NEW YORK—Any other Sunday for college freshman Elsie He would have been a day of reading, studying for class, or doing meditation. But something else was weighing on her mind that cloudy April 25.
Donning her usual outfit of a light single-layer cotton jacket, long dark pants, and sneakers, with her long black hair tied back into a ponytail, the student hopped on a bicycle with three friends in the early morning. Their destination was Zhongnanhai, the government compound at the heart of Beijing.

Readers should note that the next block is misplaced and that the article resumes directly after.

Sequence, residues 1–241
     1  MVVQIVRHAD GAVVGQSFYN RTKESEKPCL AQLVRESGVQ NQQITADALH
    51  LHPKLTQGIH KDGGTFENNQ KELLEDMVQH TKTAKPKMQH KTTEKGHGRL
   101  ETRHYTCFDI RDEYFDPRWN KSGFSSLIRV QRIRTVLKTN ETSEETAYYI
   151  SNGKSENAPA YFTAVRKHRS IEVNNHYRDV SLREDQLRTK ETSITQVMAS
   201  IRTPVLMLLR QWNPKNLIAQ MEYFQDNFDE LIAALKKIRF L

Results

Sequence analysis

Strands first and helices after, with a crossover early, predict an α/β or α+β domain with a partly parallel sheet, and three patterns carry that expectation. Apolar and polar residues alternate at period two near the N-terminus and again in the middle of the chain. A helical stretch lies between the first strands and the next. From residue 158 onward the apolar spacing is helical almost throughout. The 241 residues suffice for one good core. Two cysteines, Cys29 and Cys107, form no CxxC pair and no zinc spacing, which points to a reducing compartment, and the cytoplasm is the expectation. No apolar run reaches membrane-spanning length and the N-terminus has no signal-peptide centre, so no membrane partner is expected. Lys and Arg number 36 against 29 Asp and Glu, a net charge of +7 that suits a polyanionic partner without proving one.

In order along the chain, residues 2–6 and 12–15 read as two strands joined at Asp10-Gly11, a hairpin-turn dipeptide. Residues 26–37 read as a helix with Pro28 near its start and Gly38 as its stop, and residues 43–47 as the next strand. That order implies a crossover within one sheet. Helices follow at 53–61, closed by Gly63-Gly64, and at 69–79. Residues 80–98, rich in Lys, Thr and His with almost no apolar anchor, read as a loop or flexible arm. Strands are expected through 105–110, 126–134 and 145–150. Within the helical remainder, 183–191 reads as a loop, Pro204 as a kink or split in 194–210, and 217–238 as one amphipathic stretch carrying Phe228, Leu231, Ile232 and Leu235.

It was about 7 or 8 a.m., too early for He to venture out of the school dorm on an off day, and few pedestrians were on the street. That was until she reached Fuyou Street, which led up to the compound. There, throngs of people and still more were streaming in. They talked softly, forming a long line on the sidewalk and carefully avoided stepping on the road or blocking traffic. Most people stood quietly still. Some were seated to meditate or read. A few passed around plastic bags to collect trash….